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Texas Officer Lied About His Citizenship


United States Attorney John E. Murphy announced that on Tuesday, 30-year-old Pejman Amrollah Majdabadi, a Fair Oaks police officer, pleaded guilty to federal charges of making false statements to federal authorities concerning his citizenship.

According to a statement, when he appeared before United States Chief District Judge Fred Biery, Amrollah pleaded guilty to four counts of making false statements to federal authorities. By pleading guilty, Amrollah admitted to being an Iranian citizen who falsely claimed to be a citizen of the United States in August 2006 while applying to be a contract linguist for the Federal Bureau of Investigation and again in January 2010 while applying to become a special agent for the Federal Bureau of Investigation.

According to the statement, Amrollah also admitted that in September 2009 and again in December 2009, he made a false declaration on a Department of Homeland Security naturalization application stating that he had ever previously claimed to be a U.S. citizen, either verbally or in written form.

Court records also reveal that Amrollah falsely claimed to be a U.S. citizen when in 2002, he completed a basic detention officers course at the Concho Valley Law Enforcement Academy and was subsequently hired to be a jailer by the Kendall County Sheriff’s Department. In 2004, Amrollah also provided false U.S. citizenship information during a basic peace officer course at San Antonio College Law Enforcement Academy.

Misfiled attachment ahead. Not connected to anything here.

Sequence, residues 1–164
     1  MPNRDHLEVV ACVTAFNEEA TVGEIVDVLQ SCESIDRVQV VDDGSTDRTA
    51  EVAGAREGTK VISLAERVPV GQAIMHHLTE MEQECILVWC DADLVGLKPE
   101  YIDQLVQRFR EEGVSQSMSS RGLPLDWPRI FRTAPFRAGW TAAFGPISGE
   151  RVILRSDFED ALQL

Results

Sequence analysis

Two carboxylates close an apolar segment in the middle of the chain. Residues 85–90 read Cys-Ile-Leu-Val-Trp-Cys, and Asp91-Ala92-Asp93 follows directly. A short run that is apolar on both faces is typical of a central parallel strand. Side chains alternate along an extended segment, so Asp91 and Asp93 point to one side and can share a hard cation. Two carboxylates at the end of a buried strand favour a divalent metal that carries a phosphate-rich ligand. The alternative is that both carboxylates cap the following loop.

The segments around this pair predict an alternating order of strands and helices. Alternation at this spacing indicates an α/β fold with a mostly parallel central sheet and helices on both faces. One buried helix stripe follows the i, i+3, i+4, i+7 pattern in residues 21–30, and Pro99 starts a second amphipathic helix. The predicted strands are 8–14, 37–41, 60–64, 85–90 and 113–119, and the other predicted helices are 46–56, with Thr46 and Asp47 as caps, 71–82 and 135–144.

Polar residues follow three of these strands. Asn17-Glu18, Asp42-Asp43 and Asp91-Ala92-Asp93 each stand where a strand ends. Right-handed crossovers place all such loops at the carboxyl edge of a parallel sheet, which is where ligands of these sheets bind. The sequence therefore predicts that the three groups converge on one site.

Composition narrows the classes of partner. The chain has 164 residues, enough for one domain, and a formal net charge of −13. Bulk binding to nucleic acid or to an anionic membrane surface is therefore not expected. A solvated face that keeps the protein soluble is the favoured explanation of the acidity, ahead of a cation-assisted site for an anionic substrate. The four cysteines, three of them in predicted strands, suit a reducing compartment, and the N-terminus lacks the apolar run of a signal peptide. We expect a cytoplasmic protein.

After completing the course, Amrollah was granted a Texas Commission on Law Enforcement Officer Standards and Education (TCLEOSE) Peace Officer License and was hired in November 2004 to be a police officer with the Fair Oaks Police Department. In order to become a TCLEOSE police officer, Amrollah was required to be a U.S. citizen, which he was not.

According to the case, in 1998, Amrollah, along with his mother, father and younger sister, was apprehended for illegally crossing into the United States near Eagle Pass, Texas. In 1999, Amrollah was granted asylum status as a juvenile child of a parent claiming asylum. In 2004, Amrollah’s status was changed to Legal Permanent Resident Alien. On Feb. 25, 2010, Amrollah became a U.S. citizen.

Amrollah faces up to five years in federal prison and a maximum $250,000 fine per count.

Sentencing is scheduled for Dec. 2, 2011, before Judge Biery.

The case was investigated by special agents with the Federal Bureau of Investigation. Assistant United States Attorney Mark Roomberg is prosecuting the matter for the government.

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